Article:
We have helped to create a new mixed-use development in the air above railway lines that allows the Shoreditch and City fringe area to grow commercially and residentially, while at the same time safeguarding space below for new rail tracks to improve transport in the capital for the future.
At 163m high Principal Tower will be one of London’s tallest residential buildings with space for 301 apartments, with views stretching from Canary Wharf to St Paul’s Cathedral and the Houses of Parliament.
The neighbouring 600,000 sq ft landmark office space, which is also part of the Principal Place development, is occupied by Amazon and is a bridge to the creative industries just to the north of the financial buzz of the city, in Shoreditch.
Both buildings are fronted by a half-acre piazza, also constructed over the railway and surrounded by cafes and stores. It’s a new city hub for the future and, when Crossrail opens, will be roughly 10 minutes from the capital’s other financial centre in Canary Wharf.
Buildings have been erected over railways before, many times, but the really tricky part was that almost half of the Principal Tower’s foundation had to leave space below the structure in a protected corridor for a potential further two tracks in and out of Liverpool Street station – known as the 8 track corridor.
At the same time, the architect Foster & Partners did not want the conventional, visible, massive arches or A-frames that are the usual options for bridging rail lines. For Principal Tower it was felt that no one would understand the link to the railway usually made by exposed structural elements, so a primary objective was to develop a design that appeared to be built on solid ground.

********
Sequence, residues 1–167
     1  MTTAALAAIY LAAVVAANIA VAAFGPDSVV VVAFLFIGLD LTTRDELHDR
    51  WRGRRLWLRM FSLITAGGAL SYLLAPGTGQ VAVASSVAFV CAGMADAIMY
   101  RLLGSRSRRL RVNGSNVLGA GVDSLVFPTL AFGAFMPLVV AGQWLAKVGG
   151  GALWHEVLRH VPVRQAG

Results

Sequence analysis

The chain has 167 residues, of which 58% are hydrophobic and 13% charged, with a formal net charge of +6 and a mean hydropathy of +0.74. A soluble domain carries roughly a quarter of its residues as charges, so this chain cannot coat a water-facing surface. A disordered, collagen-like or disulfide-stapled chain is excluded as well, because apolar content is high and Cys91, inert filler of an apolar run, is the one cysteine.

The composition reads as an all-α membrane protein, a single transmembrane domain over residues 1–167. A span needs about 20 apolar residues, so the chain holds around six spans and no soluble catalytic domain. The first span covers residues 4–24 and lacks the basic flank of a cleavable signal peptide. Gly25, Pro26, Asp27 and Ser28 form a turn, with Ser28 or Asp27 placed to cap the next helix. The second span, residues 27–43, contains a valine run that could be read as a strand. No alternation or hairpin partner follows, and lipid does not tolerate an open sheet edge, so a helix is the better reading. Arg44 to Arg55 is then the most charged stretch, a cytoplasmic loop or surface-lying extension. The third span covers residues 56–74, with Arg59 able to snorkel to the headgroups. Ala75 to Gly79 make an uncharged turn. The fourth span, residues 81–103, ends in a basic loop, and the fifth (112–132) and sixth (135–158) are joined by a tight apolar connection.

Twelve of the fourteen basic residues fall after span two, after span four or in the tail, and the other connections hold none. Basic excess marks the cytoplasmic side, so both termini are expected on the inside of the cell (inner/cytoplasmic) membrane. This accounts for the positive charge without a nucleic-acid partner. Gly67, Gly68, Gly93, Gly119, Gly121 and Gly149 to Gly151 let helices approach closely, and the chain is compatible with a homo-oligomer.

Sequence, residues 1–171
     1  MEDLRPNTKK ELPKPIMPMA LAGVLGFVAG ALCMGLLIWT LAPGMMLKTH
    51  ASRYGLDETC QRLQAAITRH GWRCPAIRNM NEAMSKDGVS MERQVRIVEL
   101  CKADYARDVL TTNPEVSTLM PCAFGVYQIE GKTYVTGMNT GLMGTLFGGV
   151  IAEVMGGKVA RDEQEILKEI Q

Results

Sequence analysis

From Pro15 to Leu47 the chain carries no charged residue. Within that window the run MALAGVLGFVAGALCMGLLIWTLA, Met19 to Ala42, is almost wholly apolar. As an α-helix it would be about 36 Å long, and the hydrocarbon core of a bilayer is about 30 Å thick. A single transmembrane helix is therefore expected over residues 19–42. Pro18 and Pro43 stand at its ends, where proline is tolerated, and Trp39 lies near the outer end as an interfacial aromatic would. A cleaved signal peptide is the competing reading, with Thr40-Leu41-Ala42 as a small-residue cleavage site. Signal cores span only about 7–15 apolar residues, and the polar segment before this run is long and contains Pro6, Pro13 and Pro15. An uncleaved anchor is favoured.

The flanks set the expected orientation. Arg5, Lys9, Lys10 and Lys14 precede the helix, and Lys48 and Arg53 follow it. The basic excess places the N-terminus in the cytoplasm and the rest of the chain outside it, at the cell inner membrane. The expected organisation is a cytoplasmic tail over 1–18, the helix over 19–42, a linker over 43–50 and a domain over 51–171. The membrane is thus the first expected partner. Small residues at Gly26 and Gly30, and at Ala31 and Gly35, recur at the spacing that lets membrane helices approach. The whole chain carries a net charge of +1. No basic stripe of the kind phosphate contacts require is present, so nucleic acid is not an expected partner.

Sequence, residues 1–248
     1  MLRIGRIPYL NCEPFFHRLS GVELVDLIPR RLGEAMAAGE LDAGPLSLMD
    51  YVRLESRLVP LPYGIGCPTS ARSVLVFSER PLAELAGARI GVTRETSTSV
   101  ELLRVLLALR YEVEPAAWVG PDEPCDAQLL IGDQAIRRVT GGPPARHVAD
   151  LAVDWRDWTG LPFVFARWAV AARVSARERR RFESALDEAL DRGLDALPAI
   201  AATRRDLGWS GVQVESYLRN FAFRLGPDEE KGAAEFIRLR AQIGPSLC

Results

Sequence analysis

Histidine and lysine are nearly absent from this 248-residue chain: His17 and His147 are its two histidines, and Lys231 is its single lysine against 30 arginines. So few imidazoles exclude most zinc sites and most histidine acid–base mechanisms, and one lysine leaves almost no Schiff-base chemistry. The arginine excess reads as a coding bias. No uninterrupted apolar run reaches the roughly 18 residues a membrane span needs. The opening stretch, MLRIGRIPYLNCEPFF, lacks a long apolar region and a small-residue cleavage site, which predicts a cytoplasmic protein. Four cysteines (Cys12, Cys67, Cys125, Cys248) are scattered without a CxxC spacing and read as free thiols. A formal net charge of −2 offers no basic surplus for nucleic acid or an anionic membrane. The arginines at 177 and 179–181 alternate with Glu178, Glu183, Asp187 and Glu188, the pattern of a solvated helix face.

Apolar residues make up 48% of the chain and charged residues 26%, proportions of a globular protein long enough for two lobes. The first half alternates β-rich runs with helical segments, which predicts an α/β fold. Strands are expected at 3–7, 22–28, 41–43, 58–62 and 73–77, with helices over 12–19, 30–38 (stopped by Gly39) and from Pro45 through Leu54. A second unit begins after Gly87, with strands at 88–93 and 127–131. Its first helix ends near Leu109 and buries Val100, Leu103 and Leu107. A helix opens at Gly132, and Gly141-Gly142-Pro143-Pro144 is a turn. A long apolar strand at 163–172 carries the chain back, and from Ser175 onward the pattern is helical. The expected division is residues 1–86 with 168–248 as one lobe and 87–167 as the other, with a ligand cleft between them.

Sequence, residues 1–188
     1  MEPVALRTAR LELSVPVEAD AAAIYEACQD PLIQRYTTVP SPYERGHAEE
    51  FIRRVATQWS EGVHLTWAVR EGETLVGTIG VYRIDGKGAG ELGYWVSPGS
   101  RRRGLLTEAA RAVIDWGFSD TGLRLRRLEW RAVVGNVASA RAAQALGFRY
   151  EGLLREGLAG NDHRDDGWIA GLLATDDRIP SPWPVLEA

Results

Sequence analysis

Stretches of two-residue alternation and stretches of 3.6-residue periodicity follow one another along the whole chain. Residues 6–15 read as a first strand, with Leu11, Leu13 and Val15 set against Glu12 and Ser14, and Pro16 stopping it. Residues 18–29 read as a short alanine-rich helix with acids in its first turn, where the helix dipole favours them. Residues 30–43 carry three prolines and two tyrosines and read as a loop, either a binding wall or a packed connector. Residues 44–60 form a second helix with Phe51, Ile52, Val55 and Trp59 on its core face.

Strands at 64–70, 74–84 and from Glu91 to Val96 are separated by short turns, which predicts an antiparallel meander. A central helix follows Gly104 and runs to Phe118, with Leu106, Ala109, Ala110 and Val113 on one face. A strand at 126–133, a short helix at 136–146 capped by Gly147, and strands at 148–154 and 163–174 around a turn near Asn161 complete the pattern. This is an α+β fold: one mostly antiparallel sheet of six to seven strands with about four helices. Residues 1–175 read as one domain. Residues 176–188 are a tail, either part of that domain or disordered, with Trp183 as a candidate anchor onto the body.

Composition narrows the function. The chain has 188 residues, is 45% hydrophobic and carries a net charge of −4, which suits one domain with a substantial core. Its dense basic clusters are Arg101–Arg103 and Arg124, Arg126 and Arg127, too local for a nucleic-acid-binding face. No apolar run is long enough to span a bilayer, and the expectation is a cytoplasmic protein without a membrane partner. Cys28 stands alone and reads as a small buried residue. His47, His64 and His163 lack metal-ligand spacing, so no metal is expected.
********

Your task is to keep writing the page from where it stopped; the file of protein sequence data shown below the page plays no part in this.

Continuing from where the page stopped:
Our solution had to be a hidden gem.
We devised a design that involved forming the sides of the protected rail corridor out of 1.5m diameter piles and reinforced concrete capping beams 6m deep, effectively creating a tunnel.
On the eastern side, because of the orientation of the building, eight 50m deep piles were needed where there was little room for them. But there was not enough depth available to carry loads from the eastern columns of the tower directly on to the 8-track roof structure. Proximity of a protected building also meant we had no space for an angled deep transfer slab.
As a result, our approach was instead to create a maze of load paths, using transfer structures from level 7 of the tower down to direct loads away from the rail corridor and toward the heavy substructures. The combined solution uses a stack of reinforced concrete walls gradually transferring loads through multiple storeys called “walking walls”. It also uses inclined concrete-encased steel columns, steel Y-frames, and 50 tonne steel girders spanning the width of the rail corridor. The out of balance lateral forces resulting from the various transfer structures are resisted by the reinforced concrete core, which is located to one side of the 8-track corridor, through flat steel plates embedded in the post-tensioned slab.
“This unique combination of structural solutions is what makes Principal Tower such a prime example of precision engineering,” says project lead structural engineer Nello Petrioli.
“One of the biggest challenges was to effectively communicate a very complex technical design to other disciplines and the main contractor. We built good relationships that built trust and ultimately worked both ways. I was able to explain our design while being involved at the forefront of the decision-making process for all things technical. This gave me a real sense of personal accountability and ownership of the project and I can look back and be very proud of what has been achieved.”
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